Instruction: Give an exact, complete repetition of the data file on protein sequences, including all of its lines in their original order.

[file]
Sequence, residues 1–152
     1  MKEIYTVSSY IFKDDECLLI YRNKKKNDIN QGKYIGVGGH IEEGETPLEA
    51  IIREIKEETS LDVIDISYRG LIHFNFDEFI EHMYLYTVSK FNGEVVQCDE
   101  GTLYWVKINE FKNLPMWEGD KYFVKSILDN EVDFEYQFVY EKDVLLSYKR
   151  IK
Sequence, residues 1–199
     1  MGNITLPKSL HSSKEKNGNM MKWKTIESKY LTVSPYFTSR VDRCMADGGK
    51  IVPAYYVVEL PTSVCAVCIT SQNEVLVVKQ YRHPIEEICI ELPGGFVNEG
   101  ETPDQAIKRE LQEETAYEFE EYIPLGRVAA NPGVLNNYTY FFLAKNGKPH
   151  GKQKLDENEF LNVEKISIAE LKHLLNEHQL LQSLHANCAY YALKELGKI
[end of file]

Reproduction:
Sequence, residues 1–152
     1  MKEIYTVSSY IFKDDECLLI YRNKKKNDIN QGKYIGVGGH IEEGETPLEA
    51  IIREIKEETS LDVIDISYRG LIHFNFDEFI EHMYLYTVSK FNGEVVQCDE
   101  GTLYWVKINE FKNLPMWEGD KYFVKSILDN EVDFEYQFVY EKDVLLSYKR
   151  IK
Sequence, residues 1–199
     1  MGNITLPKSL HSSKEKNGNM MKWKTIESKY LTVSPYFTSR VDRCMADGGK
    51  IVPAYYVVEL PTSVCAVCIT SQNEVLVVKQ YRHPIEEICI ELPGGFVNEG
   101  ETPDQAIKRE LQEETAYEFE EYIPLGRVAA NPGVLNNYTY FFLAKNGKPH
   151  GKQKLDENEF LNVEKISIAE LKHLLNEHQL LQSLHANCAY YALKELGKI